2. Have you written down your plans for improving your planter’s performance in 2019? (And I don’t mean trading it in)
  3. Have planter meters been inspected, cleaned, and calibrated for next season?
  4. Have you analyzed your planting maps and do they show if each row planted as you set it?
  5. Have you gotten quotes for planter upgrades that will address your planter’s issues?

Now is the time to analyze your plant stand, and your planter’s issues.  Meters should be worked on now and put away clean and prepped.  Summertime is the budget friendliest time to purchase upgrades and the best time to make wise logical choices to improve your planter’s efficiency. The best part? There’s no deadline pressure looming! No deadline, that is, other than the Precision Planting Summer Deal Upgrade Package from Bauman Agency, in which we offer a $200 discount per row, ending August 31st.

We are happy to walk fields with you.   Jonathan, Callee and Wade can help you analyze your plant stand with the aid of Precision Planting’s Pogo.  Planter issues can be identified and resolved with summer deals and meters can be checked.  Our service is budget friendly and long on experience.   Give us a call at Bauman Agency, 605-353-1112. After all, there is no time like the present!

Image Credit: Sharib4rd

Hot Days and Cool Nights: Perfect for High Corn Yields

Today, as we wait with snow steadily falling and planters ready to go to the field, I am fielding calls about when, and if, a farmer should change his intended corn maturity. My recommendation is, and always has been, to stay the course on hybrids that are best suited for our area, up until the 15th-20th of May. Here’s why.

I have always believed that planting 103-105 day hybrids in the Beadle County area was the best management choice for high yields year after year. In the 2017 Research Summary from Pioneer, an article by research agronomists explains WHY my long held beliefs are true.

It seems that high yielding corn likes warm days and cool nights to reach fullest yield potential. When shorter day hybrids are planted, the window of grain fill in the fall is narrowed.  When shorter day maturities are planted earlier in the spring, the critical grain fill period for corn is moved to mid-August through mid-September, when nights still remain warm.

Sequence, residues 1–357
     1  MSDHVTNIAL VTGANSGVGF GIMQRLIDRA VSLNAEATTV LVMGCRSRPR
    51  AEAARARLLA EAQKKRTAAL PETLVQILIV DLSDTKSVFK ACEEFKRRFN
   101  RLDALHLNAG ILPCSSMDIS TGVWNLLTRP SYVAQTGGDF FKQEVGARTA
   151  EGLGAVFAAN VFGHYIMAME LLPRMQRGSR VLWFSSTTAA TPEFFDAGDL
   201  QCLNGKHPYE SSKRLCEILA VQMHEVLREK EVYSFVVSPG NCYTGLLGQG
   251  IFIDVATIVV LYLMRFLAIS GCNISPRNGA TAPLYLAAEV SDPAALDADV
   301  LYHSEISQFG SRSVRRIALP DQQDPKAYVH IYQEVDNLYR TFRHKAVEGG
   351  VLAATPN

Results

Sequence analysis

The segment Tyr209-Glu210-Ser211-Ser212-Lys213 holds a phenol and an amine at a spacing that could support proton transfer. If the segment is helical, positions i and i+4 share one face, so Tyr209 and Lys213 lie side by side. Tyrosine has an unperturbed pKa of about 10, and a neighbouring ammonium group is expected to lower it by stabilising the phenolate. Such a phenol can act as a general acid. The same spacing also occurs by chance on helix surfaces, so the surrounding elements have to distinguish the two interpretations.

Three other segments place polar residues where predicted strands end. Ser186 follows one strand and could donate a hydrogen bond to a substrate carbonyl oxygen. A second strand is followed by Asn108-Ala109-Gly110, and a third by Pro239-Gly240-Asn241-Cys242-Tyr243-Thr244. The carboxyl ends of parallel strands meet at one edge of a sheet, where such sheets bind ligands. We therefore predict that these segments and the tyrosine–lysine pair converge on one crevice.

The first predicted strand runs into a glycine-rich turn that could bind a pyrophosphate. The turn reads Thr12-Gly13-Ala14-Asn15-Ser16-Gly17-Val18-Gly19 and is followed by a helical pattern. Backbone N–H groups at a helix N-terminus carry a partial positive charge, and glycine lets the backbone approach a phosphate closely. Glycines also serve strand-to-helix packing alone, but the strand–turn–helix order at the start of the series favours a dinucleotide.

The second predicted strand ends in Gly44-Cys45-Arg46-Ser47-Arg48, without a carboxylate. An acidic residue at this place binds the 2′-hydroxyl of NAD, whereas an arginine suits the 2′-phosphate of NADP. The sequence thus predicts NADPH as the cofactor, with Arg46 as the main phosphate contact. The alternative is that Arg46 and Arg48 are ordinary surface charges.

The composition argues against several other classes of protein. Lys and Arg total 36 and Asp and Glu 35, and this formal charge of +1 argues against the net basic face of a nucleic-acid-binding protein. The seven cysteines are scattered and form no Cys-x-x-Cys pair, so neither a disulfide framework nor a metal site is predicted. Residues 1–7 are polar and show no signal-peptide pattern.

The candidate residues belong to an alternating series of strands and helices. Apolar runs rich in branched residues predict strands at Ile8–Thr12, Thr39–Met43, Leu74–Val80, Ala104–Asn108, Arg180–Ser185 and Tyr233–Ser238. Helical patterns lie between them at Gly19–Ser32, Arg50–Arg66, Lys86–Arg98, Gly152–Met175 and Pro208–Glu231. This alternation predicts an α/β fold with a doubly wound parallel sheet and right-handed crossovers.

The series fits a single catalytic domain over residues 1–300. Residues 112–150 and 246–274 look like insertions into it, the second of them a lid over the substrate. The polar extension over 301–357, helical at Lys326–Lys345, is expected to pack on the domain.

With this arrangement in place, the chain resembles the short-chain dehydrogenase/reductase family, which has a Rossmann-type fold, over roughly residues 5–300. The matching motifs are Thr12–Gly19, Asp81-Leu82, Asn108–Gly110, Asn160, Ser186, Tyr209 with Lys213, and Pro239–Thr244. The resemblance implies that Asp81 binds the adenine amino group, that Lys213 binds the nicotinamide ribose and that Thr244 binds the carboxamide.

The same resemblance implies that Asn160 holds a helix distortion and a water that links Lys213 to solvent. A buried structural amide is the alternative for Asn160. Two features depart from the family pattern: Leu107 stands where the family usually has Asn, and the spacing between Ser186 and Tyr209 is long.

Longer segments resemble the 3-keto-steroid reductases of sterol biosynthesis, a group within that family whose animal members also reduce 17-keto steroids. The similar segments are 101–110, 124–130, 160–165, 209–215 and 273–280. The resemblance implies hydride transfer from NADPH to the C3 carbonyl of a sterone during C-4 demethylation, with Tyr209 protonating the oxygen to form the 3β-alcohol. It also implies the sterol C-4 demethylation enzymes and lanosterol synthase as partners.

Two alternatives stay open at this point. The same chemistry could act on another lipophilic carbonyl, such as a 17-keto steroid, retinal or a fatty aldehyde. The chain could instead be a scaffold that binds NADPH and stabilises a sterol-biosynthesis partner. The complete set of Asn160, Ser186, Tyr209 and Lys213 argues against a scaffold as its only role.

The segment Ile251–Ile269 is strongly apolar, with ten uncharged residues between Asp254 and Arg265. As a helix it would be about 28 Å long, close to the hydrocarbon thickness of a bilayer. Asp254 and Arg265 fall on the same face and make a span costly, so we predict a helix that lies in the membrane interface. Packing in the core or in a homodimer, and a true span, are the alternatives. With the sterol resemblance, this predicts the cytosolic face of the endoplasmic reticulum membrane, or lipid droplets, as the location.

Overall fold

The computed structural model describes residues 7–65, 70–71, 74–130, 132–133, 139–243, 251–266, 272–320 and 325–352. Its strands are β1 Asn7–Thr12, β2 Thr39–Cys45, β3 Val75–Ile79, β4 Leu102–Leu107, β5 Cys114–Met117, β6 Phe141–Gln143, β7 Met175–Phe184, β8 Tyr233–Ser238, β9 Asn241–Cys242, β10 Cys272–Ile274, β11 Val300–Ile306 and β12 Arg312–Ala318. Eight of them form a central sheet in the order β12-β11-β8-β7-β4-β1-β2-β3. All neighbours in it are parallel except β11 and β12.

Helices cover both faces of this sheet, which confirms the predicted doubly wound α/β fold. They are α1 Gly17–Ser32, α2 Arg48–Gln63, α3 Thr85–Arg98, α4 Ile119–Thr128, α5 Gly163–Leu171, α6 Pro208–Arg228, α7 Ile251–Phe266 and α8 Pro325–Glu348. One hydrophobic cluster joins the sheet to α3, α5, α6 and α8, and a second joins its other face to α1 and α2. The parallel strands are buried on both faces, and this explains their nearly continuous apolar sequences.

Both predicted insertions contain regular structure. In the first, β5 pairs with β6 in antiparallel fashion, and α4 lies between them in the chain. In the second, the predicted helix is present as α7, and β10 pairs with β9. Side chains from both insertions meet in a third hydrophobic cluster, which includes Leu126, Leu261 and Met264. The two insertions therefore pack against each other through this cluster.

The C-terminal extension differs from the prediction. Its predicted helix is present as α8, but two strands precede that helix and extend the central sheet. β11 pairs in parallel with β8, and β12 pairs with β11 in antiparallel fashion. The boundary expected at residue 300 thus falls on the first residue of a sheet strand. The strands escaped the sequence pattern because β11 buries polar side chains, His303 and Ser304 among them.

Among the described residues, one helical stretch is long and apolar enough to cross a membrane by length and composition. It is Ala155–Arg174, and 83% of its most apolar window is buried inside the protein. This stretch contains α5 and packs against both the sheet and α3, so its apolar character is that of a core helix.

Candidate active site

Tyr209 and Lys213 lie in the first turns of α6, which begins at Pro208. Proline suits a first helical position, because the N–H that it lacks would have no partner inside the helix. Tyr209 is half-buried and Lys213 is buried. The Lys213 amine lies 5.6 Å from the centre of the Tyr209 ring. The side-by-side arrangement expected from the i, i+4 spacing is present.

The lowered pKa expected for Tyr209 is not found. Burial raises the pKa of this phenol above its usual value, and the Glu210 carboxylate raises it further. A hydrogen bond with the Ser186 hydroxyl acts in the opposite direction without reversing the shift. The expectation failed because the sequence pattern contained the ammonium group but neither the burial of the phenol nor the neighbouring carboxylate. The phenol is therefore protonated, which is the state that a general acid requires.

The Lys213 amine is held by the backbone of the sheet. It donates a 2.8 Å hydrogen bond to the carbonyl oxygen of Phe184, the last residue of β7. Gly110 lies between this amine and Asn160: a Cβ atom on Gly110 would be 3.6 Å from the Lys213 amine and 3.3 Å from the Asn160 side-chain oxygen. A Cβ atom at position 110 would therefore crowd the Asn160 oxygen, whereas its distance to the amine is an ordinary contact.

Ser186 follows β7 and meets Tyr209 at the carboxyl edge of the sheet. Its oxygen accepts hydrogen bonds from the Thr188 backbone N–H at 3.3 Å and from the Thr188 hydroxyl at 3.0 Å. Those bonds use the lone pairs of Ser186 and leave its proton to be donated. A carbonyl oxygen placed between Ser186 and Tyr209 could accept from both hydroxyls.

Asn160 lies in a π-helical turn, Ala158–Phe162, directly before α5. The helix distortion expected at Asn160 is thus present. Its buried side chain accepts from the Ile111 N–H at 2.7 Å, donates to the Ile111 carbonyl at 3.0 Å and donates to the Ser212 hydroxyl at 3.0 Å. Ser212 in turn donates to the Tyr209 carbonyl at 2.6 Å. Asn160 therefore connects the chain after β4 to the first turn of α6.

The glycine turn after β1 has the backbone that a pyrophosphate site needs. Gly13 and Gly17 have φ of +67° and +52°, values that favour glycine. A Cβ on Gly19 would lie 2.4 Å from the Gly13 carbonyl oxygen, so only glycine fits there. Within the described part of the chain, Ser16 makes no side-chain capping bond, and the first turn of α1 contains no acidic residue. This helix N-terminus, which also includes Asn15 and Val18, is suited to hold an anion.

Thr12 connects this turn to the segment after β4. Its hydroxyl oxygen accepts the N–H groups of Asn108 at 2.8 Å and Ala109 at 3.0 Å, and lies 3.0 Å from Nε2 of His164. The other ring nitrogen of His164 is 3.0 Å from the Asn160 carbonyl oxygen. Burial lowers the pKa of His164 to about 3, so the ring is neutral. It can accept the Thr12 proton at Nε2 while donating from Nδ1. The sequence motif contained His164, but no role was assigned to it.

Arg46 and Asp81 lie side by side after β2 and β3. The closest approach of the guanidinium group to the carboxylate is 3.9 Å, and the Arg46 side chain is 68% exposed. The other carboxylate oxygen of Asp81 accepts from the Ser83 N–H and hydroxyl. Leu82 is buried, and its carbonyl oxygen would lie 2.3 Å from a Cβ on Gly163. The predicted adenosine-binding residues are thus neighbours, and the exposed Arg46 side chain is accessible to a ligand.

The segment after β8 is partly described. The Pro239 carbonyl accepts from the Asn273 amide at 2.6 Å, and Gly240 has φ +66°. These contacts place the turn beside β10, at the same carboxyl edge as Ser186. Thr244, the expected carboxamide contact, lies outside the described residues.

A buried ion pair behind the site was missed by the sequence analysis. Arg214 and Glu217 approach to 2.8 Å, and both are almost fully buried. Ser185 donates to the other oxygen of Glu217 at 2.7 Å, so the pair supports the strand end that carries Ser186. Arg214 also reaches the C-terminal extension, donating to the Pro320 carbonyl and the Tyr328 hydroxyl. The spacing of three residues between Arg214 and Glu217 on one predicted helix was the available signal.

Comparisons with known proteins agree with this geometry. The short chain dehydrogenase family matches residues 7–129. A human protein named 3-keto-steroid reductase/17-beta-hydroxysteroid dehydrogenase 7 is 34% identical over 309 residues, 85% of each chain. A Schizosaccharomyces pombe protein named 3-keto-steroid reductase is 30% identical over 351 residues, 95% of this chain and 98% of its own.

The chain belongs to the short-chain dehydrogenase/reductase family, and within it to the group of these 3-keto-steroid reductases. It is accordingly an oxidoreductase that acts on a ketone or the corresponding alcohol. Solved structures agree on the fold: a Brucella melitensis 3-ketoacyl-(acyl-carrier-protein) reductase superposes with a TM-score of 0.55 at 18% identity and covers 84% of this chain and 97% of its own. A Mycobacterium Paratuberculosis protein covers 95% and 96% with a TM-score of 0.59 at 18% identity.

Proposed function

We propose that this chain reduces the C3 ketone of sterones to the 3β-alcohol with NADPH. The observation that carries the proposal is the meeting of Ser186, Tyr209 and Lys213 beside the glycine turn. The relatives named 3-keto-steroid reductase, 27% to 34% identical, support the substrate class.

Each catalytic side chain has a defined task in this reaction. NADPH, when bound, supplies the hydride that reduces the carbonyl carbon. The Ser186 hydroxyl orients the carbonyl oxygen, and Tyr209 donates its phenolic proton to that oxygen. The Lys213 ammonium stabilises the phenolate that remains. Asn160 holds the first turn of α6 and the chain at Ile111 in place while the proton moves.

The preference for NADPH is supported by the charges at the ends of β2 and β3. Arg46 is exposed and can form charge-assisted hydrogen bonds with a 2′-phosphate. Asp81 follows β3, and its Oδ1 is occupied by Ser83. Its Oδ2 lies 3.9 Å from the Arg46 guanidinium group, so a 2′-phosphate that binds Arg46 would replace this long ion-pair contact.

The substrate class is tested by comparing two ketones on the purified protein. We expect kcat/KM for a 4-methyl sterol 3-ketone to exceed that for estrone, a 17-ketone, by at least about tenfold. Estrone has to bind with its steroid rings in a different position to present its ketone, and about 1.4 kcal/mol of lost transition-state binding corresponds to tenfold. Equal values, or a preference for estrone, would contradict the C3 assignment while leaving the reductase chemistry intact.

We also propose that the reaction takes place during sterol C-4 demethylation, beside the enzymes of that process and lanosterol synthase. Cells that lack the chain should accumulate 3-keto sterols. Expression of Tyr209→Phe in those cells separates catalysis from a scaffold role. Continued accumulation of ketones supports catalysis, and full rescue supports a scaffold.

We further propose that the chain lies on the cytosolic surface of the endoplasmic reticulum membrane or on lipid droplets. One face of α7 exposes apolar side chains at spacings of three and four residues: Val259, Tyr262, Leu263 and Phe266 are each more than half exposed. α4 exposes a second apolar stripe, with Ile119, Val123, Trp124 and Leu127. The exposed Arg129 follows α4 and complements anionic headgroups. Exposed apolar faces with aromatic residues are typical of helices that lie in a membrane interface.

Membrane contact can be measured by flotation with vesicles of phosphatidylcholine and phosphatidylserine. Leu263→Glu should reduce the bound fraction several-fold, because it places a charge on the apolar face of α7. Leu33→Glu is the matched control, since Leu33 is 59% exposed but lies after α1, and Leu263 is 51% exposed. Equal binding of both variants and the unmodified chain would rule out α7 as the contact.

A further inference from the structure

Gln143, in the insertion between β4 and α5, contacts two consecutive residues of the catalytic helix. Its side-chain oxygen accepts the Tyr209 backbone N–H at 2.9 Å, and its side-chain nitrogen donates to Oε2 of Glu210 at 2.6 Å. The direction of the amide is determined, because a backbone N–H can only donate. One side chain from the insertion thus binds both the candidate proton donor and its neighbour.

The high yielding corn of today contains much of the genetic heritage of corn plants that originally grew in the high plains of Mexico, where days are warm and nights are cool.  Planting the longer day corn varieties in our area delays the maturity of the plant until September and early October when we get the cooling effect of fall nights.

Why is this important?

When corn grows all day long there is a buildup of stored energy (sugar) in the plant. Think of a corn plant as we would the gas tank in our car.  When the “tank” is full, more sugars are being produced and that produced energy must go someplace.  A full corn “tank“ turns excess sugars into starch in the kernels.  The more starches built into the reserve, the higher the yield.  Therefore, warm sunny days encourage the most production from the corn plant.

Corn is a living plant that also lives at night.  When nights are warm, the corn plant must use some of the energy that it produced the day before to respirate. The higher the nighttime respiration the more energy it consumes that it held to build starches.  On a cool night, the plant respiration slows so that it doesn’t use as much of its stored energy.  Thinking again of a corn plant as a full “gas” tank, if I park my car at night and don’t drive my tank is still full the next morning (cool night, 50 degrees).  If I let my car idle all night long, the tank is a little less full, but not significantly so (cool night, 65 degrees).  If I drive my car all night, (warm night 80 degrees) I will need to refill before I can start my normal routine.

Planting 103-105 day hybrids allow us to capitalize on the ideal high-yield weather that generally occurs, in our area, the last week of August thru the first week of October.  That is, of course, unless we get an early frost!

Featured Image Credit: Patrick Findeiss